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March 2015
Spectrum analysis and battery testing

# Spectrum analysis and battery testing

01 March 2015

Andy Sagl, product manager

Why do the best battery test sets have built-in spectrum analysers? In a nutshell, the answer is that the spectrum analyser gives the test set user the ability to examine the ripple content of the current being used to charge their batteries and, by determining the ripple frequency, they can verify the health of the charger. Let’s look in a bit more detail at how this works.

Charger rectifiers

A rectifier is an electrical device that converts alternating current (AC), which periodically reverses direction, to direct current (DC), which always flows in the same direction. Rectifiers have many uses and they are key components of battery chargers.

The devices in a rectifier that convert the AC to DC are called diodes. They convert the AC to DC or “rectify” the AC by blocking the negative or positive portion of the waveform. Almost all rectifiers are made up of several diodes in a specific arrangement for more efficiently converting AC to DC. There are many types of rectifiers that use different diode configurations.

Half wave rectifier

The half wave rectifier uses a single diode in this configuration:

This type of rectifier, which blocks the negative portion of the wave, is used to convert single-phase AC to DC. In most applications, filter capacitors are added to the circuit after the diode to smooth out the DC waveform.

Full wave rectifier

The full wave rectifier uses four diodes arranged in this configuration:

Like the half wave rectifier, this type of rectifier is used to convert single-phase AC to DC. It is, however, more efficient as it uses both the negative and positive parts of the wave.

Three-phase full wave rectifier

A three-phase full wave rectifier, which typical of the type used in many of today’s battery chargers, incorporates six diodes arranged in this configuration:

As with the single-phase rectifier circuits, filter capacitors can be added to smooth out the DC supply.

Ripple frequency

No rectification process is 100% efficient; there is always some AC superimposed on the DC output. The AC voltage superimposed the rectifier’s DC output is called ripple voltage. In most cases, since “pure” DC is the desired goal, ripple voltage is undesirable. In today’s chargers ripple voltages and currents are usually very low, but this can change as the charger ages and components begin to fail. Ripple in excess of 5 A per 100 Ah of battery capacity may cause heating in the batteries, which can dramatically reduce their life span.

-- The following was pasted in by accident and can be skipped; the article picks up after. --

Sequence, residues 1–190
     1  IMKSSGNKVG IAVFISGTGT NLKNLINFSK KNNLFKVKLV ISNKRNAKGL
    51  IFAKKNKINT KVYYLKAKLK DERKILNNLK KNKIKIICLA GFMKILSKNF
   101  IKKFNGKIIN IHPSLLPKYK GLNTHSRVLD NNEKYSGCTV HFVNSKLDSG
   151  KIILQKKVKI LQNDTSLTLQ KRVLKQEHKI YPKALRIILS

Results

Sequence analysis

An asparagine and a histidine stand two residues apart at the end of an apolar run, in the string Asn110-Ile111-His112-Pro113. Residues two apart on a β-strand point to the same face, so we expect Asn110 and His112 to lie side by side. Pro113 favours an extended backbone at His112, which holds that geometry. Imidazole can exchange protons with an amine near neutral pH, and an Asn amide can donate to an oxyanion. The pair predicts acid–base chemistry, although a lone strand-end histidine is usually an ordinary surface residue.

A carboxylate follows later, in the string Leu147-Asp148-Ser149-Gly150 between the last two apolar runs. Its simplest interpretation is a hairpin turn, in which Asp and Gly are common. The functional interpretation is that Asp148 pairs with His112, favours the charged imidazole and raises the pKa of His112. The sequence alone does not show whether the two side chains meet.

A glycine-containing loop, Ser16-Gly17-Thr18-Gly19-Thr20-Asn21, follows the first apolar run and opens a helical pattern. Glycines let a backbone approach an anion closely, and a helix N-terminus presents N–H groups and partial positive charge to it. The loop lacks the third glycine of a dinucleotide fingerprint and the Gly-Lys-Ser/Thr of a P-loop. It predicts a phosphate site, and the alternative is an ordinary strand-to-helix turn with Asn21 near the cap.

Rectifiers with different configurations produce ripple at different frequencies. Sometimes, the methods of rectification are classified by counting the number of DC “pulses” they output for every cycle of the AC input. A single-phase, half wave rectifier circuit would be called a one-pulse rectifier, because it produces a single pulse of DC output for every one complete 360º cycle of the AC input waveform. A single-phase, full wave rectifier would be called a two-pulse rectifier because it outputs two pulses of DC per AC cycle. A three-phase full wave rectifier of the type shown above would be called a six-pulse rectifier.

The normal ripple frequency for each type of rectifier can be determined by taking the number of pulses and multiplying this by the frequency of the AC supply. A full wave rectifier with a 50 Hz input would, therefore, have a ripple frequency of 2 * 50 Hz = 100 Hz. A six-pulse rectifier with a 60 Hz input would have a ripple frequency of 6 * 60 Hz = 360 Hz. By examining the frequency of the AC ripple of a battery charger, it is possible to determine if the rectifier is healthy.

Waveform analysis

A waveform can be described using one of two basic methods, the time domain method or the frequency domain method. The waveform can be described in the time domain by recording how its amplitude changes over time. The waveform can be reproduced if the amplitude values are known for given time intervals.

The other way to describe a waveform is to use the frequency domain method. In this case, the waveform is described as a set of frequencies added together, as shown in the example, see below.

By using a mathematical process known as a Fourier transform it is possible to convert waveform data from the time domain to the frequency domain. This is the technique used in battery tester spectrum analysers. The tester measures the amplitude of the current periodically and then uses a Fourier transform to convert the time domain information to the frequency domain. The different frequencies that make up the charging current can then be displayed in a bar chart, like this:

By knowing what type of rectifier is used in the charger, it is easy to work out what the ripple frequency should be. If the spectrum analyser shows significant levels of ripple at other frequencies, this is a clear indication that there’s a problem in the rectifier circuit of the charger, such as a faulty diode. Battery testers that include spectrum analysers can, therefore, not only evaluate the health of the battery string, but also verify the health of the charging circuitry.